Last edited by feline fanatic; 11-07-2019 at 03:21 PM.
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Old 11-07-2019, 03:20 PM
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Depends on machine, on my 12' HQ Fushon with robotics, it would be a real simple thing to do. Just turn the computer on and use the electronic channel locks and stitch away. I could also use the manual channel locks (it's a rubber piece that holds the wheels from rolling) but if I push hard, I can overcome them.

Most robotics have the channel lock feature as it's a easy way to check that you've got the quilt mounted straight.
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Old 11-07-2019, 04:02 PM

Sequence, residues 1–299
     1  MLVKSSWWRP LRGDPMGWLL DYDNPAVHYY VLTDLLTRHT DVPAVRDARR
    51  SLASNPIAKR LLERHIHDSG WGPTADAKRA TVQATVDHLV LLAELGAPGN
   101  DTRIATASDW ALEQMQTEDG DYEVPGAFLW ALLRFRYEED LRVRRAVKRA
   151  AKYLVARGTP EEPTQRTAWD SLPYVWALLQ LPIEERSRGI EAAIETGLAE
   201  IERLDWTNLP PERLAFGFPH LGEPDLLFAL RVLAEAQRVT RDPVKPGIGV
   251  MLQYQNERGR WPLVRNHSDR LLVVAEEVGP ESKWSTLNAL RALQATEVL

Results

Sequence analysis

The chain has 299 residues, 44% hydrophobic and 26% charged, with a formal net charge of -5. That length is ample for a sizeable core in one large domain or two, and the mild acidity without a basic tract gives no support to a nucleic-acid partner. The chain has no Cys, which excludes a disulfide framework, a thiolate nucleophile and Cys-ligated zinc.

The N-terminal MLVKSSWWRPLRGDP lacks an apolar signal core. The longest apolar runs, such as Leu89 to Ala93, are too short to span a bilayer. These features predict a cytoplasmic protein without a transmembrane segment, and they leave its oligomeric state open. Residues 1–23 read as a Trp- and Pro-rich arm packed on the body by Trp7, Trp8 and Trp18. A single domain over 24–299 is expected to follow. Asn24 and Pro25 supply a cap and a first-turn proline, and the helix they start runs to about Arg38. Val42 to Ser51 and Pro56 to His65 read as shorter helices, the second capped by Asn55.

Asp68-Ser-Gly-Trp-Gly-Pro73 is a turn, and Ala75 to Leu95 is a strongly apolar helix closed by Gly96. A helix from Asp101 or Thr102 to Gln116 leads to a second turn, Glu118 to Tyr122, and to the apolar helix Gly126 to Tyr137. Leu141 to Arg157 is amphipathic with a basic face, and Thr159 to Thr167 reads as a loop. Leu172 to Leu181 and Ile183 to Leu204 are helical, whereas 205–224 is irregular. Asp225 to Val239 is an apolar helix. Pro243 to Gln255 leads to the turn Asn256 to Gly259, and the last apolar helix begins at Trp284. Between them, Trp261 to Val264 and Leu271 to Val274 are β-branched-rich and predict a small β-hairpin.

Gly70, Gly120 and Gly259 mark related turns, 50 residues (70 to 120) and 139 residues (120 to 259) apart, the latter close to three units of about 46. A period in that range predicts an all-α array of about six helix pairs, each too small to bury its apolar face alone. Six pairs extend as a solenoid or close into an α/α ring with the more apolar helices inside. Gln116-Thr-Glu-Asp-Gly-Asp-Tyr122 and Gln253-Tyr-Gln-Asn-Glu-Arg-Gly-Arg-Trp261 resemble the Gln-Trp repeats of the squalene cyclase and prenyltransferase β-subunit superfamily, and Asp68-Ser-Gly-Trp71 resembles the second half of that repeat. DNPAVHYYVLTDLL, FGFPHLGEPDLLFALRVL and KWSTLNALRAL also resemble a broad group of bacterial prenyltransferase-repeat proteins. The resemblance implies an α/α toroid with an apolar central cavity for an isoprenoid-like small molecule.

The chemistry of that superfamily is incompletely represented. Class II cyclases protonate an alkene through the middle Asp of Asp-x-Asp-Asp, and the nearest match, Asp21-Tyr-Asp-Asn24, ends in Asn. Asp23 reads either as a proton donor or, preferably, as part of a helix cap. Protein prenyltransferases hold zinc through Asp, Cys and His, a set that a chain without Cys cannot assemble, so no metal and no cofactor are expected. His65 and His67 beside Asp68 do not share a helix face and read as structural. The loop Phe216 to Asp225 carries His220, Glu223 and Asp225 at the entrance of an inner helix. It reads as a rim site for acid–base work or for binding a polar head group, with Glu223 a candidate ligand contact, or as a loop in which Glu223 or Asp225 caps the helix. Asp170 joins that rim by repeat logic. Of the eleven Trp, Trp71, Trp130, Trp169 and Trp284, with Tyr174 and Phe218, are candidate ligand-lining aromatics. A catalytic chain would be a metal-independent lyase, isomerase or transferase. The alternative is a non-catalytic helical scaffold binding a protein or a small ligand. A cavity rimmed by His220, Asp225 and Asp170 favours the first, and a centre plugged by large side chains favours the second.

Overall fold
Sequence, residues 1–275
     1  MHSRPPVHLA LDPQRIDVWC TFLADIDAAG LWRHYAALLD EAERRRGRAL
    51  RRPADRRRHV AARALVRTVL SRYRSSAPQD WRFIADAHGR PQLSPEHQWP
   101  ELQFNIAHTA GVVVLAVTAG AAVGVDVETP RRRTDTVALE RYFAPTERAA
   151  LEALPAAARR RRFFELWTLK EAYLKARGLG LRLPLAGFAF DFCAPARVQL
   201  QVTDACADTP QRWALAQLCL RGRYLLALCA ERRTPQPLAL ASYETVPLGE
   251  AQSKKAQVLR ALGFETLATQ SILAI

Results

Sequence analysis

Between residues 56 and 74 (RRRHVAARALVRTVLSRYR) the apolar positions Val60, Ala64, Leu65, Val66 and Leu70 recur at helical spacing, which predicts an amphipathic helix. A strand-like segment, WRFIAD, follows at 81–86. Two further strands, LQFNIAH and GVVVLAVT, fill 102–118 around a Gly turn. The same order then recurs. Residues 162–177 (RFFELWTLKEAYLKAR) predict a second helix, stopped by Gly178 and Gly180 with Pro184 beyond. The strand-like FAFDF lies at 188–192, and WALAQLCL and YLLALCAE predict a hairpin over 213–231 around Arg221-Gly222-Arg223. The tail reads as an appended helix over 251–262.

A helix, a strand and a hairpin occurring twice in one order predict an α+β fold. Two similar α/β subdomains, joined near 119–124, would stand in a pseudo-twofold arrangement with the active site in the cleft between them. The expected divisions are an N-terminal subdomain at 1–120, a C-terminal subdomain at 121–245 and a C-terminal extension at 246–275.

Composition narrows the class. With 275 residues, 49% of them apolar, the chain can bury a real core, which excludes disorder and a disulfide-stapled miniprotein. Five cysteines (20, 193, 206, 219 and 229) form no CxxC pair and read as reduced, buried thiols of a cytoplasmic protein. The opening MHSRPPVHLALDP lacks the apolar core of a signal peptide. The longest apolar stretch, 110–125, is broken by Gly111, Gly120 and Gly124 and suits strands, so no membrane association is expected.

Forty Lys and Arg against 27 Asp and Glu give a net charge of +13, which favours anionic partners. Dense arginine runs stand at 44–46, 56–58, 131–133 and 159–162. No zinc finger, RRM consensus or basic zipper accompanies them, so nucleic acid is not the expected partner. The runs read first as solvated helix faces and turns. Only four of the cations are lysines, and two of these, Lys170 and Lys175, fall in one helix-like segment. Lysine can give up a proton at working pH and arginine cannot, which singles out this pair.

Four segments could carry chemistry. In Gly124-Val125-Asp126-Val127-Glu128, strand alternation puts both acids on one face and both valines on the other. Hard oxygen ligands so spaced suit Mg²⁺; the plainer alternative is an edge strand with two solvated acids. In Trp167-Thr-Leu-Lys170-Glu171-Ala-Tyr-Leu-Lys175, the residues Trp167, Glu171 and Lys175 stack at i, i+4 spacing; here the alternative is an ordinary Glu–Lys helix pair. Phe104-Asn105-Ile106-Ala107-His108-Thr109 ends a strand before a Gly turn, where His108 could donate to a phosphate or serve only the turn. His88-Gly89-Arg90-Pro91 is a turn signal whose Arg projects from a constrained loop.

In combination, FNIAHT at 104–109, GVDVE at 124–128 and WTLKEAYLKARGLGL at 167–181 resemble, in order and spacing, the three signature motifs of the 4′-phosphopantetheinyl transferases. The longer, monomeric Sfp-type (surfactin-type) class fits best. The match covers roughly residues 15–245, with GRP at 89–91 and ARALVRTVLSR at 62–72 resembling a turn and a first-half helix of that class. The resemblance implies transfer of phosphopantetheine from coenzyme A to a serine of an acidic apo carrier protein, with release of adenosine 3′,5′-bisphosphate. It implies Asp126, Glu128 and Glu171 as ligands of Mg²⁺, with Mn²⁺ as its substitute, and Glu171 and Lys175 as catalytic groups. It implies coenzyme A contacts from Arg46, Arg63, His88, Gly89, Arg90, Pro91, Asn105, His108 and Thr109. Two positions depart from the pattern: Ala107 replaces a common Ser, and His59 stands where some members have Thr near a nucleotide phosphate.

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If the machine has robotics, then yes, you should be able to set it to do straight lines, even several lines. You will need about 6" of free space left and right of the quilt, for bobbin changing etc, so a 10ft frame would be great.
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Old 11-07-2019, 04:54 PM
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This is how I keep the longarm in a straight line from side to side. To lock it for motion front to back, the clips go around a different set of wheels, on the back rail. I know some people put their clamps directly on the wheels, but for me this works better and has absolutely no chance of harming the wheels.